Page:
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Diagnosing Pressure Ulcers / Pressure Sores

 


Diagnosing Pressure Ulcers / Pressure Sores


Pressure ulcers can be diagnosed just by visual examination. An important part once diagnosed is the process to assess the level of risk of developing them. Pressure ulcer management however aims to prevent them occurring in the first place!

A part of the risk assessment process, for the healthcare professional who is involved in a persons care would be to consider:

  • their general health
  • ability to move
  • whether there are any problems that may affect posture
  • any symptoms that may indicate any infections
  • a persons mental health
  • past history of pressure ulcers
  • urinary incontinence problems controlling your bladder) or bowel incontinence (problems controlling your bowel)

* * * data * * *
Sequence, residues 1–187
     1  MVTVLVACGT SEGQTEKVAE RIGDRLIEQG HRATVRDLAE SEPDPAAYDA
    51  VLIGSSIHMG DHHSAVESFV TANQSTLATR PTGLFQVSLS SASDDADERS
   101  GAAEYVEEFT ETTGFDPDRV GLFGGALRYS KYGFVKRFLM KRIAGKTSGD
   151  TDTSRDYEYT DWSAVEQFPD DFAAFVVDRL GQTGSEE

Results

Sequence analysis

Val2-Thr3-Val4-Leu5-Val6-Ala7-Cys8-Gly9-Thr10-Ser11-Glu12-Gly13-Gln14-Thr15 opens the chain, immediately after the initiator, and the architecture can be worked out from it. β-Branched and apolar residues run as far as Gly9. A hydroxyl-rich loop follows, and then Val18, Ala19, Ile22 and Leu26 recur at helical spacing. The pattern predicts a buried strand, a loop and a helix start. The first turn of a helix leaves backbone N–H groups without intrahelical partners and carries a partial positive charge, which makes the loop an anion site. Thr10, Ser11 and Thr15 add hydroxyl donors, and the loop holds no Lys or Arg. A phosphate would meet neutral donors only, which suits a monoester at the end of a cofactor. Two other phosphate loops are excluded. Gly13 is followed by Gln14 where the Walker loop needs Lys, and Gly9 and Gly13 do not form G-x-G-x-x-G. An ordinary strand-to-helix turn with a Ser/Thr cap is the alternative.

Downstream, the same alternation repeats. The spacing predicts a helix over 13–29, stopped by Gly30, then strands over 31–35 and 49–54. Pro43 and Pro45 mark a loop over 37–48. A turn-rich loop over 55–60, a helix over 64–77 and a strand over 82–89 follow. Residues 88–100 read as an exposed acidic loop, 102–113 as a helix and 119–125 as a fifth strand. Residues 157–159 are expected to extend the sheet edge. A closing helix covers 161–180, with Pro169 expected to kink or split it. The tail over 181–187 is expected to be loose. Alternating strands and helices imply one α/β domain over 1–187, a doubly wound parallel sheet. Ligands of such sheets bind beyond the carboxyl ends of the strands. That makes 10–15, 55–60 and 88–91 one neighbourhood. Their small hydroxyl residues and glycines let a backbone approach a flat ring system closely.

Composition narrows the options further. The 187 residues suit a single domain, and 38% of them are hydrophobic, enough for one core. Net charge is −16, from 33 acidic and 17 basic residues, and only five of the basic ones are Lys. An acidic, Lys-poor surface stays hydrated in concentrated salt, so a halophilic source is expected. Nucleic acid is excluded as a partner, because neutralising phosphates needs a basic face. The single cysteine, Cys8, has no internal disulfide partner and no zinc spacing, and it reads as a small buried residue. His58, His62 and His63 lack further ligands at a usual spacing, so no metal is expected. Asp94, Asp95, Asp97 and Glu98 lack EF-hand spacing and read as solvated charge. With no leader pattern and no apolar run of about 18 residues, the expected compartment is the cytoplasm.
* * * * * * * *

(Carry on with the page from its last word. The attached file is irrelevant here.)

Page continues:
• diet
  • how well the blood circulation system is working

As part of the risk assessment, they may be referred for blood and urine tests. Blood tests can be a good way of assessing a persons general state of health and whether their diet is providing enough nutrition.

Urine tests can be used to check how well kidneys are working and whether you have a urinary tract infection, this is an infection of the kidneys, bladder or urethra (tube between the bladder and the penis or vulva, through which urine is passed). If you are incontinent, or have had spinal damage these types of infection can be a cause of concern.

Self-assessment


If it is thought that you are at risk of developing pressure ulcers but you are not currently staying in hospital or a care home, you may be advised to carry out daily checks for evidence of the early signs of the condition.

You should look out for areas of discoloration, patches of skin that feel unusually tough or spongy to the touch. If you can, use a mirror to check parts of your body that can be difficult to see, like your back, or buttocks. Contact your GP or your healthcare professional if you notice any possible signs of damage.